April 16. 2014 10:41PM

Honor Flights vets visit National World War II Memorial

New Hampshire Union Leader

Area veterans traveling Manchester Boston Regional Airport to Washington, DC on Honor Flight to see the national war memorials were greeted by a large group of supporters waving flags and signs of thanks. The supporters included friends, family, military members, fire service members and local law enforcement. Patriot Guard Riders were on site to accompany the veterans bus to the airport and help line the airport halls. WWII veteran Warren Geissinger, of Concord, reacts to the show of supporters at the airport. (Bruce Taylor/Union Leader)

Twenty-three World War II veterans got to visit the National World War II Memorial in Washington, D.C., this past weekend, the first of six Honor Flights to fly out of New England this year.

The all-day trip, which is totally free for veterans, included visits to war memorials in the nation's capital, meals, and a chance for aging veterans to feel the appreciation of generations who are alive today because of them.

The New Hampshire Patriot Guard riders escorted buses to the Manchester-Boston Regional Airport. In Washington, Park Police zipped the Honor Flight bus through traffic jams. And in airports veterans were met with applause by strangers.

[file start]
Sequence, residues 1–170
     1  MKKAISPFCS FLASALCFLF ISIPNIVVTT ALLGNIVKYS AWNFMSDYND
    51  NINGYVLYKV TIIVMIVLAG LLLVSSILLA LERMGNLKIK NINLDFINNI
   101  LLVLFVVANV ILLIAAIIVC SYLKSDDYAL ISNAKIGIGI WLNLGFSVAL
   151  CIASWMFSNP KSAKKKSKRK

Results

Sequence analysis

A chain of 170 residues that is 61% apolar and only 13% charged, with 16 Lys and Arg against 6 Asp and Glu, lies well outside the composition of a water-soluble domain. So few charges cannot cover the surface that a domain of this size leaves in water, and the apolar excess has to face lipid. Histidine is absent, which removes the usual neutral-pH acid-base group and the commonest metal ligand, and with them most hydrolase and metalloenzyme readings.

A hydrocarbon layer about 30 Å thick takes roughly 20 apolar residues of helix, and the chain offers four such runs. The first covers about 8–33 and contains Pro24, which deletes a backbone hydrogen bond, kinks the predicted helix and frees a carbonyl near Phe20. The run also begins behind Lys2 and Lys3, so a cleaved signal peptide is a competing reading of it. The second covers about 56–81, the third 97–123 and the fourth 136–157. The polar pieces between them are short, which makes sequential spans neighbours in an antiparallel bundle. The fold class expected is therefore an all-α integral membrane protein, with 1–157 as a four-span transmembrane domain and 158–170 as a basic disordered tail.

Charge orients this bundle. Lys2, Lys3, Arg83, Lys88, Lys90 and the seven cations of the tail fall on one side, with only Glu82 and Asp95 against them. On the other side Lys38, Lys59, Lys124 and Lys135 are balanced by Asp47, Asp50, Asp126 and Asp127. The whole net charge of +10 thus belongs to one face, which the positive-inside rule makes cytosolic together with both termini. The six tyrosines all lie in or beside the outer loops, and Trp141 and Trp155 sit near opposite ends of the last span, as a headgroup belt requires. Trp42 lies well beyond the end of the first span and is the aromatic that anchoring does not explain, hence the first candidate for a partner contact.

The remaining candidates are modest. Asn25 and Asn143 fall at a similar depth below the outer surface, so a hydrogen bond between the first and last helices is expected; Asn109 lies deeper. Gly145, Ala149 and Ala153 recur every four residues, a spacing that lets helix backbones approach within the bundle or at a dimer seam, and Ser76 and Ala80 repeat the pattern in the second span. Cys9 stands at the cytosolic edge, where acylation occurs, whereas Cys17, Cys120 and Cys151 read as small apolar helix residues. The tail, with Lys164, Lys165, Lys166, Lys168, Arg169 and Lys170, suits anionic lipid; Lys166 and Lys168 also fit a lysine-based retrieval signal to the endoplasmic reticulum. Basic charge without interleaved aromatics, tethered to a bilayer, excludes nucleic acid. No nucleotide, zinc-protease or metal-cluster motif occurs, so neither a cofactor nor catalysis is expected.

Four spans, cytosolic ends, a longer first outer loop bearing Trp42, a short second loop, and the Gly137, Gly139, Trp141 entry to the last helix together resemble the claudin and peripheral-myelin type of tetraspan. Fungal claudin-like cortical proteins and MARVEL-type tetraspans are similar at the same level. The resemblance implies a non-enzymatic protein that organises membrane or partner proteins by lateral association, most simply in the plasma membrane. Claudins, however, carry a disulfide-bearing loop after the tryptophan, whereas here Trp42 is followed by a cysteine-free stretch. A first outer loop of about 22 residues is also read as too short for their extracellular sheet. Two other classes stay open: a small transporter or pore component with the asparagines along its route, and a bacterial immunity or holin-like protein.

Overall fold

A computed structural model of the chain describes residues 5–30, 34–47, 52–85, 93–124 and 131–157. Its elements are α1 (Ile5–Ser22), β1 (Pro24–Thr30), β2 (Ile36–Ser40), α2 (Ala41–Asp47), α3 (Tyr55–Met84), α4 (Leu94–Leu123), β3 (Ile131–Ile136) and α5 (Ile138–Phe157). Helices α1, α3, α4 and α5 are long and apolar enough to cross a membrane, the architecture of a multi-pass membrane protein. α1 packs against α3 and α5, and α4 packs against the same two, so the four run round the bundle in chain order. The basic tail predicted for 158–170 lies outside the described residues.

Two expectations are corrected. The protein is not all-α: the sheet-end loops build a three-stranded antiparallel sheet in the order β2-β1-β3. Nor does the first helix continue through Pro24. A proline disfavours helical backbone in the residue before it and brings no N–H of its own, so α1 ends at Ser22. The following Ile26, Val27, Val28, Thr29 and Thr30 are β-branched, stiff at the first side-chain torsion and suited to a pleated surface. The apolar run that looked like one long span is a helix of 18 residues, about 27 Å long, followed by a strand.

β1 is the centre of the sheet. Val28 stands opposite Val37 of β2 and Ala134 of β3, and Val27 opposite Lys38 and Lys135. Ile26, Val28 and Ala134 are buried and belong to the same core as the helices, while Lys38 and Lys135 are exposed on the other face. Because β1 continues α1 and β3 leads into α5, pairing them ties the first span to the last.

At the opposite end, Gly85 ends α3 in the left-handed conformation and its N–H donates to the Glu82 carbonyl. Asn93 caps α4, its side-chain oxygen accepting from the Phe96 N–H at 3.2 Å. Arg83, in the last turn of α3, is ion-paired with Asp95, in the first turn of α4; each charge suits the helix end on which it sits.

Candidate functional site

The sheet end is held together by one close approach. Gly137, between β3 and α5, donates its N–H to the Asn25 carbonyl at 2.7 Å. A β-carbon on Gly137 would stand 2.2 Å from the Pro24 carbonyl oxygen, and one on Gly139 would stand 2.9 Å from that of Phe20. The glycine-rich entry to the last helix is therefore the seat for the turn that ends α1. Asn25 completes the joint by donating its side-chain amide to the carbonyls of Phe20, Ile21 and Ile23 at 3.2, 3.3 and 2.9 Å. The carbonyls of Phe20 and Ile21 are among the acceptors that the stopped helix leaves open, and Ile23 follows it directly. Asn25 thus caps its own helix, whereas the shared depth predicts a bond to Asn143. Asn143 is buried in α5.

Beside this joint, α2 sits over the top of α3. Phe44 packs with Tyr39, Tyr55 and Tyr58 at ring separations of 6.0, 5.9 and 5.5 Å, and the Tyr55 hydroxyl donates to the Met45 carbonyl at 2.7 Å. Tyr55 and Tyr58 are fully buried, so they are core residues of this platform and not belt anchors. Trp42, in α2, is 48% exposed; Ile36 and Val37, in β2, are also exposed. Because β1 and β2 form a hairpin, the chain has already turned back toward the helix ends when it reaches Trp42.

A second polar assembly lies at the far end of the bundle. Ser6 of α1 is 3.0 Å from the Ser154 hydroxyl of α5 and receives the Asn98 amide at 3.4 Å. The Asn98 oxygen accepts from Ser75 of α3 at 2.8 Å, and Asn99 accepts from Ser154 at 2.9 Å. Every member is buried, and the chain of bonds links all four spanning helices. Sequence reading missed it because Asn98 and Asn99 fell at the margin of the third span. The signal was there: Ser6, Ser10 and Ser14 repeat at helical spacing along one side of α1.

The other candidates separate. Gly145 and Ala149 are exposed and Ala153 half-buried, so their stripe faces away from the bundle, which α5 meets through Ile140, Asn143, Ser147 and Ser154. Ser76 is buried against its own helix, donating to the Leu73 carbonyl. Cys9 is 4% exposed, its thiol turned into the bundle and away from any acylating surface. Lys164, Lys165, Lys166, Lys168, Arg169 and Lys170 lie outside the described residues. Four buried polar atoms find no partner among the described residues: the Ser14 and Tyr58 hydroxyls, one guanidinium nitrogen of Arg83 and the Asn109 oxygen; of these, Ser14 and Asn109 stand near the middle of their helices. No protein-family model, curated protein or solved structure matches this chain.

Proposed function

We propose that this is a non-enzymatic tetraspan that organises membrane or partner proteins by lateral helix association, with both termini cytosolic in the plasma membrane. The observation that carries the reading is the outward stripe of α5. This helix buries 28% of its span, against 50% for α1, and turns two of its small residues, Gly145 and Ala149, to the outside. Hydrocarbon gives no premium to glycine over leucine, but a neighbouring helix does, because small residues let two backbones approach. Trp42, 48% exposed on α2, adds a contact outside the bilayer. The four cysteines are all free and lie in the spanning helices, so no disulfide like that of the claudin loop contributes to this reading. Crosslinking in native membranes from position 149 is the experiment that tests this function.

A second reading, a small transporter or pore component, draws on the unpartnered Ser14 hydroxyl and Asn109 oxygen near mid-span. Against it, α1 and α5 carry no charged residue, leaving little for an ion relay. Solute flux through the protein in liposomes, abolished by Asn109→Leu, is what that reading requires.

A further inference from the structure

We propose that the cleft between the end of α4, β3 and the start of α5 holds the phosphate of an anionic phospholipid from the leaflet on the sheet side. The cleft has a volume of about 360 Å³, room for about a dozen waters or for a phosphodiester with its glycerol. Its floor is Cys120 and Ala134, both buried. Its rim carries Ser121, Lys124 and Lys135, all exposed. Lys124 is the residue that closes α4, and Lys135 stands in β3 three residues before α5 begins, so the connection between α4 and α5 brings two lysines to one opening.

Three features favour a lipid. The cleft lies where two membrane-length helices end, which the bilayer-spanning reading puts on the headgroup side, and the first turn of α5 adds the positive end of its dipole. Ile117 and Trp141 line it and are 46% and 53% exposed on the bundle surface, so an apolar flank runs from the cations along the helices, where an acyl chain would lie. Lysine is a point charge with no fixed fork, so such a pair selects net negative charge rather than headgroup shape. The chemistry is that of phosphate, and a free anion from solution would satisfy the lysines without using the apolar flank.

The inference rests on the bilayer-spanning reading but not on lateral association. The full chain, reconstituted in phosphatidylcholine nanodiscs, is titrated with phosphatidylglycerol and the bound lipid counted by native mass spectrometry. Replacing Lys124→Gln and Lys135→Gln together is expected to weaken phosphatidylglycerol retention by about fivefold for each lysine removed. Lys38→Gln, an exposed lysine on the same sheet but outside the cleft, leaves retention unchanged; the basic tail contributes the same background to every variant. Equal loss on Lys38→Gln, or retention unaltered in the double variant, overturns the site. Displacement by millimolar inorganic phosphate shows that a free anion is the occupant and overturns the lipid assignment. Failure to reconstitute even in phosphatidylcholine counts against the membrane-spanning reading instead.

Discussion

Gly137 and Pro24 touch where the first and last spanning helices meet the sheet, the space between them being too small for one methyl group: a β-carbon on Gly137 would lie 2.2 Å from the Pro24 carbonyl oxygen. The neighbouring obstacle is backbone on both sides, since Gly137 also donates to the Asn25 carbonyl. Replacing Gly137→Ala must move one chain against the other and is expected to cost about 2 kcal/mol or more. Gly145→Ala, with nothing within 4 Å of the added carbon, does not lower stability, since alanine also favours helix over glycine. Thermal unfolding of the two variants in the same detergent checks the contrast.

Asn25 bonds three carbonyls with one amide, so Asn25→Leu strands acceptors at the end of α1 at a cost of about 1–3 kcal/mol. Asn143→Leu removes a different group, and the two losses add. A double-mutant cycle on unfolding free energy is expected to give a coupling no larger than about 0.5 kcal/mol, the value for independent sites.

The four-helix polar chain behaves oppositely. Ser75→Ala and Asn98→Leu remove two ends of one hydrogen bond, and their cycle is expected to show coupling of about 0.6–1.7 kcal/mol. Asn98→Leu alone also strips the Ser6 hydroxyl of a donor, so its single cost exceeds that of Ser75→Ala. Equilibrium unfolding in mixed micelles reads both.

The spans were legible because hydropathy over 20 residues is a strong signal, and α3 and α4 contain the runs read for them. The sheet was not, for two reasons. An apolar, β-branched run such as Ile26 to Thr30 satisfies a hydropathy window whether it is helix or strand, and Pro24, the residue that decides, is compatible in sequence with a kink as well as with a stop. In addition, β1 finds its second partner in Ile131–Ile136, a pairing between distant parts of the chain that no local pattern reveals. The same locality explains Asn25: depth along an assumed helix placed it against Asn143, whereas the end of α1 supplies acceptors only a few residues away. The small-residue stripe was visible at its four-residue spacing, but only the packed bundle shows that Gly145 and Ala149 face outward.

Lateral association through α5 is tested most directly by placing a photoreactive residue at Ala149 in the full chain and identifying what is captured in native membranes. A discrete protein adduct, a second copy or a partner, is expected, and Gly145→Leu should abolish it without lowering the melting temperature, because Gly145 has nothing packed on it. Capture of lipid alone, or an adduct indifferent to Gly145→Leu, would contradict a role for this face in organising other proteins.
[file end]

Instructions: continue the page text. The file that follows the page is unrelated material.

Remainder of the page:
The typical comment that Honor Flight volunteers hear is how the veterans appreciated the respect they got from strangers, said Joe Byron, a former Manchester police officer who founded the organization.

"They don't expect any of that. They think we've forgotten," Byron said.

Honor Flight New England started in 2009, and Sunday's flight marked the 31st of the organization, Byron said. More than 900 New England veterans have been flown to Washington to see war memorials.

Most are World War II veterans, and the travelers have included 39 women, 19 sets of brothers, ailing and disabled veterans, and several who have fought in three wars.

Priority is given to World War II veterans and veterans from later wars who are suffering a terminal disease.

Bedford resident Leonard Provencher, 91, who fought in the Army's 36th division, was in the Sunday group.

"It was a perfect group. It was well organized. It was beyond expectation," Provencher said. He had never been to the National World War II Memorial, which he said was one of the highlights of the trip.

It had its sad moments, he said. One poignant part was a view of where 9-11 terrorist struck the Pentagon, he said.

Sunday's flight was the first of the season. The veterans were notified in January, and so they had to endure the winter before taking the trip, Byron said.

Guardians accompanied most of the veterans, so 52 people flew in total. The next flight, scheduled for May 18, is a charter flight out of Boston.

The next Manchester flight is June 15, Father's Day. For more information, visit www.honorflightnewengland.org.